Graduation Year


Document Type




Degree Granting Department

Mechanical Engineering

Major Professor

Ashok Kumar, Ph.D.


Gas sensors, Pulsed laser deposition, Thin film, Absorption, Critical angle


Silver, gold, and copper metallic nanoparticle films have been utilized in various MEMS devices due to not only their electrical but also their optical properties. The focus of this research is to study the detection at room temperature of carbon monoxide (CO) and hydrogen (H2) via Surface Plasmon Resonance (SPR) phenomenon of silver-embedded Yttrium Stabilized Zirconium (Ag-YSZ) nanocomposite film, gold (Au) nanoparticle film, and an alloy film of silver-copper (Ag-Cu) , grown by the Pulsed Laser Deposition (PLD). To determine the appropriate film materials for quick and accurate CO and H2 detection at room temperature with the PLD technique, the growth process was done repeatedly. Optical tools such as X-Ray Diffraction, Alpha Step 200 Profilometer, Atomic Force Microscopy, and Scanning Electron Microscopy were used to characterize thin films.

The gas sensing performance was studied by monitoring the SPR band peak behavior via UV/vis spectrophotometer when the films were exposed to CO and H2 and estimating the percent change in wavelength. The metallic nanoparticle films were tested for concentration of CO (100 to 1000 ppm) and H2 (1 to 10%). Silver based sensors were tested for the cross-selectivity of the gases. Overall the sensors have a detection limit of 100 ppm for CO and show a noticeable signal for H2 in the concentration range as low as 1%. The metallic films show stable sensing over a one-hour period at room temperature. The SPR change by UV/vis spectrophotometer shows a significant shift of 623 nm wavelength between 100 ppm CO gas and dry air at room temperature for the alloy films of Ag-Cu with a wider curve as compared to silver and gold films upon their exposure to CO and H2 indicating an improvement in accuracy and quick response.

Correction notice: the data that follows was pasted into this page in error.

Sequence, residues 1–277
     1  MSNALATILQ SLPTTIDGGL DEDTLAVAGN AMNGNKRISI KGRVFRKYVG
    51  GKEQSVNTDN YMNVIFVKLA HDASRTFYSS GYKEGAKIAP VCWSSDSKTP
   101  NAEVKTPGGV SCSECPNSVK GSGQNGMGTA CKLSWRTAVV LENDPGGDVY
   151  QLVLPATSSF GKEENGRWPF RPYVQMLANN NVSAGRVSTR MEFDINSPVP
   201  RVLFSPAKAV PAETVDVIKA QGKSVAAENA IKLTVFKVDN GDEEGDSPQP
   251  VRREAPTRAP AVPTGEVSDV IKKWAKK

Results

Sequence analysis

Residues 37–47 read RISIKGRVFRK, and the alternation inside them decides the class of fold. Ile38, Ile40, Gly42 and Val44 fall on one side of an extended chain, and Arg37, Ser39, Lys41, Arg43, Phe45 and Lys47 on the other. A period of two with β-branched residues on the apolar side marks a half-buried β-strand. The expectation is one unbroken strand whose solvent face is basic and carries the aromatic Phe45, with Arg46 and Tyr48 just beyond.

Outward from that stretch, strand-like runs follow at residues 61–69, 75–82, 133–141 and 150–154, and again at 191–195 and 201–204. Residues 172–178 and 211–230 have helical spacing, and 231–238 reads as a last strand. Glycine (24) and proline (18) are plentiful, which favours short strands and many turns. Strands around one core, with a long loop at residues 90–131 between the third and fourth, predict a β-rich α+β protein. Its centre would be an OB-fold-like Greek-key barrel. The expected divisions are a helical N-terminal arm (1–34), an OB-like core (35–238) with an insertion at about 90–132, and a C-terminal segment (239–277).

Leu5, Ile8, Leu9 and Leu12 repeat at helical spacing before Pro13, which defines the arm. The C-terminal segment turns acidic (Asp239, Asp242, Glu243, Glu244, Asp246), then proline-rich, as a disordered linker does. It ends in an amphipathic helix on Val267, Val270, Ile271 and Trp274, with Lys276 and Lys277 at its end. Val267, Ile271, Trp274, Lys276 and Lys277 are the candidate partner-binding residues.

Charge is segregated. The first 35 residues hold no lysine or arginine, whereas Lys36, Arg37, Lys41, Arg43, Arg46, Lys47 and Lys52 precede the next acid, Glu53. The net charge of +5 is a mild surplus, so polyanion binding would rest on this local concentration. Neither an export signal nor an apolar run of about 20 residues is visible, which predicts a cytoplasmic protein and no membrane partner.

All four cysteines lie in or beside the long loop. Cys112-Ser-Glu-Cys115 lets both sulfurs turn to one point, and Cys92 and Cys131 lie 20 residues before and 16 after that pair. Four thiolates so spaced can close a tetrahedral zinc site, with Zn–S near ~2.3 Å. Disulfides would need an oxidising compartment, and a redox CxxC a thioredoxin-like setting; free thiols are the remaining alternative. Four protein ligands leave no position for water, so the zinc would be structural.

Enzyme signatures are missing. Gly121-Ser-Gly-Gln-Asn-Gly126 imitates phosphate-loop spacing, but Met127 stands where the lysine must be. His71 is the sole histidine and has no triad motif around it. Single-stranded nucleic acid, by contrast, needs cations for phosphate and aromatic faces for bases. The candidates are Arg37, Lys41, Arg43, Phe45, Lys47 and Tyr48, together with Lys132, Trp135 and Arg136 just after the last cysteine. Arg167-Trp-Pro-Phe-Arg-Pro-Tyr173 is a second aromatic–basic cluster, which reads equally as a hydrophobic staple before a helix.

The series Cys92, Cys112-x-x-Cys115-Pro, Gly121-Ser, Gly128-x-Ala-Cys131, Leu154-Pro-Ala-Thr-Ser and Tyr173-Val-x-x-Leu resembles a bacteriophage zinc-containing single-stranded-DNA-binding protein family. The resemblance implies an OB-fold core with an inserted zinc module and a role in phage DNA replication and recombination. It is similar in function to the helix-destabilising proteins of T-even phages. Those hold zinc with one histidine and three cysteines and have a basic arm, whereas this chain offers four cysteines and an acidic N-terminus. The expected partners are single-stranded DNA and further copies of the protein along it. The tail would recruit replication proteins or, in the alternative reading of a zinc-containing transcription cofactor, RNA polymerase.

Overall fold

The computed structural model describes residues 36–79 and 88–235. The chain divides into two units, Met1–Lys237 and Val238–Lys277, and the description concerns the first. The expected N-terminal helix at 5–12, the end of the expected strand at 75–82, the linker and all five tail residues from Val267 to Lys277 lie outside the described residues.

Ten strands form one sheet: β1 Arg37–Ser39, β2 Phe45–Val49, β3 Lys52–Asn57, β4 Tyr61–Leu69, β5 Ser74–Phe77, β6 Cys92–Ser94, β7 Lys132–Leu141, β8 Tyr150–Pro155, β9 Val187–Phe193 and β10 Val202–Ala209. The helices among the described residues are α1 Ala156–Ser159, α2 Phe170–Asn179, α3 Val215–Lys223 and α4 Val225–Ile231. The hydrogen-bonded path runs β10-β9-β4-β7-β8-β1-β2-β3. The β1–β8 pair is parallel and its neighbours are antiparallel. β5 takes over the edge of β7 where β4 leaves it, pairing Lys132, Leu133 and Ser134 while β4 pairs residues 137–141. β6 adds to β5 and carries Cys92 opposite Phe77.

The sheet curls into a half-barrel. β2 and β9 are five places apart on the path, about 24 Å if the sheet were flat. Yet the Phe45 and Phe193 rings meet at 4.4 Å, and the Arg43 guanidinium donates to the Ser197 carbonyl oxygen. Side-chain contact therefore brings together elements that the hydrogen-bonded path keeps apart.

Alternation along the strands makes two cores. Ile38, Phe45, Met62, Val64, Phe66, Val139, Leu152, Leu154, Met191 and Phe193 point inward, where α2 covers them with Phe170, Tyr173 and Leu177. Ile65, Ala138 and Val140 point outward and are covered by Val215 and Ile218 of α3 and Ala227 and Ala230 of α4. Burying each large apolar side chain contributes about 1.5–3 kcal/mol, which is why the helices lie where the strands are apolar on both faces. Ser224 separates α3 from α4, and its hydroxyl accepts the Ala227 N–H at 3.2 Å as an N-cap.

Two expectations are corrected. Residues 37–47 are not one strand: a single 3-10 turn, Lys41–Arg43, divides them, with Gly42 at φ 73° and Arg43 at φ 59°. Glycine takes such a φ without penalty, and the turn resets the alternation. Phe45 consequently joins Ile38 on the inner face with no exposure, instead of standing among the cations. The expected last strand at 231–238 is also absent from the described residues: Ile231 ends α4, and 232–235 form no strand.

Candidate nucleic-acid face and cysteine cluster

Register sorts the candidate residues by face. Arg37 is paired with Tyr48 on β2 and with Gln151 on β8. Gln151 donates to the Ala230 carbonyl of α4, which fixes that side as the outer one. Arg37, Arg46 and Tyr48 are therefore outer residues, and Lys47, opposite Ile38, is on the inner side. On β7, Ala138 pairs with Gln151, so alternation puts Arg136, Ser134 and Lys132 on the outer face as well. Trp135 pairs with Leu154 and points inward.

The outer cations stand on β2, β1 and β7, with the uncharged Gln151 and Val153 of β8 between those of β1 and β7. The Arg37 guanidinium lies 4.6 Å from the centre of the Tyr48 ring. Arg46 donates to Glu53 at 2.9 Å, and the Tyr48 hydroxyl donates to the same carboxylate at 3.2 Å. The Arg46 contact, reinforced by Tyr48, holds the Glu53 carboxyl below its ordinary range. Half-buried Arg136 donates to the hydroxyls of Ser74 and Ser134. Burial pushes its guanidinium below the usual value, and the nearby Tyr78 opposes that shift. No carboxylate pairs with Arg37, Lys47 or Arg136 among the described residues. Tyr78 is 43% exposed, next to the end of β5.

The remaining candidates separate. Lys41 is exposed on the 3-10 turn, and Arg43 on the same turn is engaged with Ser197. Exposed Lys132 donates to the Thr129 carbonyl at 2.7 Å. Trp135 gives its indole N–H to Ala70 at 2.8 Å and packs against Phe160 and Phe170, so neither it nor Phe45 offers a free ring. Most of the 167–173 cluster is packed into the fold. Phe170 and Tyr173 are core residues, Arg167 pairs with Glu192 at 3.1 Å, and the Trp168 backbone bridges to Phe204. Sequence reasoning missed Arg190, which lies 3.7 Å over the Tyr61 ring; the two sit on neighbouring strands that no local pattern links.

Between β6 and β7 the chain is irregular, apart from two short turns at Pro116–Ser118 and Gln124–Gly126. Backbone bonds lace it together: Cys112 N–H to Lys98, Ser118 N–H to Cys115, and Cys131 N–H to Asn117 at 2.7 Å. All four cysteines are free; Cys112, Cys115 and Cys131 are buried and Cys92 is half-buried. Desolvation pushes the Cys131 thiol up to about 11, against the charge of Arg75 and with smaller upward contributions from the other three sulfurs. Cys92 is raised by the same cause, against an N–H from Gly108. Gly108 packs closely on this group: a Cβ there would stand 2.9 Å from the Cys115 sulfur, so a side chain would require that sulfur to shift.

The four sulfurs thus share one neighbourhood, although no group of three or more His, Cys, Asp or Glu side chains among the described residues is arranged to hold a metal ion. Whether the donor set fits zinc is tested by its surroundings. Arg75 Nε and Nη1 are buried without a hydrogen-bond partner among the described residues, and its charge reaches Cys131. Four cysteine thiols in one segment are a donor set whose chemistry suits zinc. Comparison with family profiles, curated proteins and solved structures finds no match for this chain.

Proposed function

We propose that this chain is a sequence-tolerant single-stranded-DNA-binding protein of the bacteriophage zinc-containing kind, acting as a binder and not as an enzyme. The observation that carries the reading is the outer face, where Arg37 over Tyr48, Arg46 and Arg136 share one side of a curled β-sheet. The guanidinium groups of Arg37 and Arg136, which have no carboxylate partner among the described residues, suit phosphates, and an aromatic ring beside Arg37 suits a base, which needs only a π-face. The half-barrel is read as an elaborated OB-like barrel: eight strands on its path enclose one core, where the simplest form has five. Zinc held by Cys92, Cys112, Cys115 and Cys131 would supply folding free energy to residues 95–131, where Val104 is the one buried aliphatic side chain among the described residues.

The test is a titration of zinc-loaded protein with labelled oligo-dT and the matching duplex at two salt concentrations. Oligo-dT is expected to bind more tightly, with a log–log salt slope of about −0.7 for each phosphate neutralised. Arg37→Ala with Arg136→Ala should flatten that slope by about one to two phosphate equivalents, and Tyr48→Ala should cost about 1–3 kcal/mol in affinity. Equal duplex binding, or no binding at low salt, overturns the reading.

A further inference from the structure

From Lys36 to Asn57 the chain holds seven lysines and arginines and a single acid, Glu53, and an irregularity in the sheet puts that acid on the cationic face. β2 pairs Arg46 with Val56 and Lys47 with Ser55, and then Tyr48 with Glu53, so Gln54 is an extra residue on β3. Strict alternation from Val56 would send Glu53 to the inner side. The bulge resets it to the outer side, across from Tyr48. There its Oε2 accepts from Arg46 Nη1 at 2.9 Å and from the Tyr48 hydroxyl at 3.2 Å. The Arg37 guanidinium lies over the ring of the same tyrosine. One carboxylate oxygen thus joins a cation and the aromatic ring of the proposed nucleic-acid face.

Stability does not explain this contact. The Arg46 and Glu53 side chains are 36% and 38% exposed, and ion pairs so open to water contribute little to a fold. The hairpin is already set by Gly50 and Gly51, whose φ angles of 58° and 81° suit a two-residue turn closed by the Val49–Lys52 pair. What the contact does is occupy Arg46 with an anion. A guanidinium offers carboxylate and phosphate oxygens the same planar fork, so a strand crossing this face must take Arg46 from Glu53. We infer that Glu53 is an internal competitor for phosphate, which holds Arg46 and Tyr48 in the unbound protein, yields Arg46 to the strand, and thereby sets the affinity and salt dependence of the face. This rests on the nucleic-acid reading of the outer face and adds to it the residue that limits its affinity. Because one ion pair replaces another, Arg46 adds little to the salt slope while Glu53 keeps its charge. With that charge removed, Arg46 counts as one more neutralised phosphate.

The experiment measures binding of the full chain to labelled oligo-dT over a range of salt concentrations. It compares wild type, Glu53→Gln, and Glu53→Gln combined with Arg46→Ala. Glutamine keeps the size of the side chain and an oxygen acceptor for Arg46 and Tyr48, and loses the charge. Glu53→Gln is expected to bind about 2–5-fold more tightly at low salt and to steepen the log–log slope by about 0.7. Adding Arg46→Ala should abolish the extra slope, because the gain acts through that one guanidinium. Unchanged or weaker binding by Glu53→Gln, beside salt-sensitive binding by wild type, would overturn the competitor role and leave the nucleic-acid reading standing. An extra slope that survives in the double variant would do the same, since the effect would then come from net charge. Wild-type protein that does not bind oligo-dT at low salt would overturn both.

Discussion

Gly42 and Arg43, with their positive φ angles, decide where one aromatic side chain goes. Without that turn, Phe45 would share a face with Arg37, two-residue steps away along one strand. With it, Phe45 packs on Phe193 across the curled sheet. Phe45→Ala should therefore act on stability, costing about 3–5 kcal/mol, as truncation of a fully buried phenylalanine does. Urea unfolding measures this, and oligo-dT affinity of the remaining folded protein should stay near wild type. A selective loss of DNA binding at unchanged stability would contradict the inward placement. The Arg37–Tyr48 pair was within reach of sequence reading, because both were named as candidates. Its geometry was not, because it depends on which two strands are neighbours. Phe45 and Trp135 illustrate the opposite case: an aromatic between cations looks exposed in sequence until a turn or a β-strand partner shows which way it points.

The results indicate that in research of CO and H2 detection at room temperature, optical gas sensors rather than metal oxide sensors are believed to be effective due to not only the absence of chemical involvement in the process but also the sensitivity improvement and accuracy, much needed characteristics of sensors when dealing with such hazardous gases.